I said I’d post occasional progress reports on getting to grips with Category Theory, to pass on recommendations about what I’ve found helpful, etc. (Perhaps I should explain that — when trying to get into a new chunk of maths or math. logic — I find it works best to dive in and read a number of books quite quickly, skipping and skimming when the mood takes me, rather than plod very carefully through one key text. Also, though I know a few bits and pieces, I thought I should start over again from the very beginning.)

Two frequent recommendations for entry points are Lawvere and Schanuel’s Conceptual Mathematics (CUP, 1997), and Lawvere and Rosebrugh’s Sets for Mathematicians (CUP, 2003). But I can only say, give the first book a miss. It’s not very good: the authors seem to have no clear idea about their intended audience, so they veer between the irritatingly condescending/extremely laboured on the one hand, and sudden jumps in difficulty/sheer opaqueness on the other. For just one example, it is very difficult to believe that someone who needs a noddy explanation of why proving if p, q establishes if not-q, not-p is going to make anything at all of the sudden excursus on Gödel and Tarski at p. 307. But worse, you can get to the end of the book with no clear idea about what it is supposed to have achieved, or why it might matter. The second book is so far proving also a bit uneven but much better.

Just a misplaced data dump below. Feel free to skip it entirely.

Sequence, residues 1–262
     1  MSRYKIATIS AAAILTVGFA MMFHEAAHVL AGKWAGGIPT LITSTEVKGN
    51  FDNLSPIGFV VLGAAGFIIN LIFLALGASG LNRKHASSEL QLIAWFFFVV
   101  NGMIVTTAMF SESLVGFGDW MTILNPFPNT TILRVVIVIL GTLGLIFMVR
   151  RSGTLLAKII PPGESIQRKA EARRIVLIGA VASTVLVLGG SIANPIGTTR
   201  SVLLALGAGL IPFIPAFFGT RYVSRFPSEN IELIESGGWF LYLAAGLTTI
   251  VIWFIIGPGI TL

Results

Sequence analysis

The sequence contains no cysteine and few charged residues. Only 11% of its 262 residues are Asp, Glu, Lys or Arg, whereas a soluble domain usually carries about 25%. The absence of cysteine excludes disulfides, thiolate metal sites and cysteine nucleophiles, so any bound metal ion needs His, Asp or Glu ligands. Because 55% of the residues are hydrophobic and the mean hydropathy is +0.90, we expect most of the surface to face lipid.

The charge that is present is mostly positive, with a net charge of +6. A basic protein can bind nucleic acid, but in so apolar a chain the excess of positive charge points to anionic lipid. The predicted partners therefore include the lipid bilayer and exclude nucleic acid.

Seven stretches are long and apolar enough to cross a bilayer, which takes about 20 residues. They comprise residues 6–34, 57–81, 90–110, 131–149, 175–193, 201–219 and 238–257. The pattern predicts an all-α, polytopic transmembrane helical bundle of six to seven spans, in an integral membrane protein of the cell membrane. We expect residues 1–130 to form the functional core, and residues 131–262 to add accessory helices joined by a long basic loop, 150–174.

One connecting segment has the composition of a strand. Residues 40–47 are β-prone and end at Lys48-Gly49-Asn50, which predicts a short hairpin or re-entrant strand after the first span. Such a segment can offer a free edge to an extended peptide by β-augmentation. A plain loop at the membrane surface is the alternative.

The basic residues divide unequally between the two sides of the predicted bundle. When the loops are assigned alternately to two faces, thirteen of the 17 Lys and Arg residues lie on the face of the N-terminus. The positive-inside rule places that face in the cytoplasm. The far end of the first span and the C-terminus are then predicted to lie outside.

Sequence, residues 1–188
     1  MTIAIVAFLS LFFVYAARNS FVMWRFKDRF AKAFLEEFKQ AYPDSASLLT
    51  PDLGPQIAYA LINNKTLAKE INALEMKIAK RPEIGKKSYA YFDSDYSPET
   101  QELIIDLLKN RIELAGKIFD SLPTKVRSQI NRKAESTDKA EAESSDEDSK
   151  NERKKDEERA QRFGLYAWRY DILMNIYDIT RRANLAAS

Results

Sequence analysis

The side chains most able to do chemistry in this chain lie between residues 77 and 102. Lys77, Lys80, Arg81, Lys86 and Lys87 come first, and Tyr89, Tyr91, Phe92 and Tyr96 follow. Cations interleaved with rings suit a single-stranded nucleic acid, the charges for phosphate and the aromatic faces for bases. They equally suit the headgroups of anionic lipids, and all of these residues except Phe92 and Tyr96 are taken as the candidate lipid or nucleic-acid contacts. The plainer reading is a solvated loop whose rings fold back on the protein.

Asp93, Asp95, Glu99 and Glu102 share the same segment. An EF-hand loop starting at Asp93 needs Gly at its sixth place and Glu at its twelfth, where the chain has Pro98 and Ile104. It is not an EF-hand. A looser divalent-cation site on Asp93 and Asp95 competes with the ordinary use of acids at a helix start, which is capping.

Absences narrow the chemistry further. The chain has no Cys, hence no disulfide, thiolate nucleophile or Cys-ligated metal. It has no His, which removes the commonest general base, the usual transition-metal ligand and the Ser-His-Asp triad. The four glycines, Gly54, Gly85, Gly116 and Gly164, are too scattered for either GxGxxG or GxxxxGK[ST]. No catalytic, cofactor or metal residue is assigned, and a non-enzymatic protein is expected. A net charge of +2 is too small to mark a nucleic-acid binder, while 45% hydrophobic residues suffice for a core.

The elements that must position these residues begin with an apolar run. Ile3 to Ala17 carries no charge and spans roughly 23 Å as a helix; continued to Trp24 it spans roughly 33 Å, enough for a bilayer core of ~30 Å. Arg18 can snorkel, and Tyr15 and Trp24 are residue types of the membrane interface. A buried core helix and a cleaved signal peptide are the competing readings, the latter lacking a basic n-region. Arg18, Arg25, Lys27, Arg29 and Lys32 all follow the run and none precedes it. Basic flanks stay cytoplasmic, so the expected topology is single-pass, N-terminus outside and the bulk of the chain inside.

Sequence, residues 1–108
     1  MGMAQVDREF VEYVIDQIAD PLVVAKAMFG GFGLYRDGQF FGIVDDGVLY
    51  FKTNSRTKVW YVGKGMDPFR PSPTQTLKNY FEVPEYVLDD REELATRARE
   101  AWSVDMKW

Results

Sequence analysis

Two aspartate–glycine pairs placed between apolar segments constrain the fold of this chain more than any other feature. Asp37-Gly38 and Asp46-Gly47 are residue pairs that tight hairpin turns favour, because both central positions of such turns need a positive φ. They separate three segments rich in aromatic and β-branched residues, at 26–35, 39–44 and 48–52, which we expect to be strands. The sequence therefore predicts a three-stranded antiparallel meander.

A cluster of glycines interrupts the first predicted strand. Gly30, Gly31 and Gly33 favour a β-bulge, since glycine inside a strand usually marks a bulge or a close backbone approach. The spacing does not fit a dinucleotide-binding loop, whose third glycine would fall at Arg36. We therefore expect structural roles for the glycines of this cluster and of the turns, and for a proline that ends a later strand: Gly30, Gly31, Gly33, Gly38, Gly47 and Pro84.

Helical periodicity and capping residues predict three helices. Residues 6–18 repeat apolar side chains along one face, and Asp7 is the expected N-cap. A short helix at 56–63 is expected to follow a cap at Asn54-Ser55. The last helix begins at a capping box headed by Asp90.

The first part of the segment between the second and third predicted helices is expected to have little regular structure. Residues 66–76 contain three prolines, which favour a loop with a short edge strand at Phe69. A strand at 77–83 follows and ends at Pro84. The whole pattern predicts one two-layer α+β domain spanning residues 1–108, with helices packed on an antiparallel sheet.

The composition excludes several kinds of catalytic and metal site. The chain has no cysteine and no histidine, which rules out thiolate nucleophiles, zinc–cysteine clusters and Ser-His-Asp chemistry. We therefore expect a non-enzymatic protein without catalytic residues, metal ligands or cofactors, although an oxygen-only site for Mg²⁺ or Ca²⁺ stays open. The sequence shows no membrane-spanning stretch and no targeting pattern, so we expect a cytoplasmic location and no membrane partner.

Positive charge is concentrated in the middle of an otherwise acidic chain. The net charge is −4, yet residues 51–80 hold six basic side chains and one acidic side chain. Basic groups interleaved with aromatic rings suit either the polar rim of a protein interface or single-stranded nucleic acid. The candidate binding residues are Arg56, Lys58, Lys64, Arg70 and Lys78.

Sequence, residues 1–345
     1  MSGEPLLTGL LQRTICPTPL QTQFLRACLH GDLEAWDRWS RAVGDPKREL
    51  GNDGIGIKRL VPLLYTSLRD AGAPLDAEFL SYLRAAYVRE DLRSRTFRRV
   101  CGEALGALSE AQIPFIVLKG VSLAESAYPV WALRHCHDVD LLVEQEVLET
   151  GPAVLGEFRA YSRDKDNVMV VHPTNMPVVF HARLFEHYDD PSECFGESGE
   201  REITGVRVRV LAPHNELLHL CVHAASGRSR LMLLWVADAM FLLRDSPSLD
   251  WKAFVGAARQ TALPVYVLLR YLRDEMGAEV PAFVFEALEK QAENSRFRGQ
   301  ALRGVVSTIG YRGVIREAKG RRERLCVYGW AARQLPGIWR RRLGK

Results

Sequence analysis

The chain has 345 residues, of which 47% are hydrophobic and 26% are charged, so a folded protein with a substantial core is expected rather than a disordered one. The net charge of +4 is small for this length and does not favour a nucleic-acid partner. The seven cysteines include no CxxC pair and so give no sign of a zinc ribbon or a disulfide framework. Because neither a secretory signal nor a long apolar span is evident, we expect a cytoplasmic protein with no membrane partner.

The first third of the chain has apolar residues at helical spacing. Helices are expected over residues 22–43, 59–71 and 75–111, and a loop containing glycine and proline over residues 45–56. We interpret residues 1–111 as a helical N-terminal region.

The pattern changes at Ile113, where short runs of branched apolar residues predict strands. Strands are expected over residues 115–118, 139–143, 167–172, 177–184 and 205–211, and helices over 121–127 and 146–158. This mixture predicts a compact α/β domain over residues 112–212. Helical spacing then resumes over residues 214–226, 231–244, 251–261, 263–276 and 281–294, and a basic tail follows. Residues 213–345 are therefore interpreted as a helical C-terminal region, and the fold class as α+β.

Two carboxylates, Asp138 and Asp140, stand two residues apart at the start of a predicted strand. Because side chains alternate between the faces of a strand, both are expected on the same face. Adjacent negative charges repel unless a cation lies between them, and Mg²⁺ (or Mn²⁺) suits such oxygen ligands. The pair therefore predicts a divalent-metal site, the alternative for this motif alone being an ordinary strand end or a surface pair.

I’m dipping into various expository/philosophical articles as I go along. One I’ve just come across which I found prokoving and illuminating is Barry Mazur’s ‘When is one thing equal to some other thing?‘. Recommended.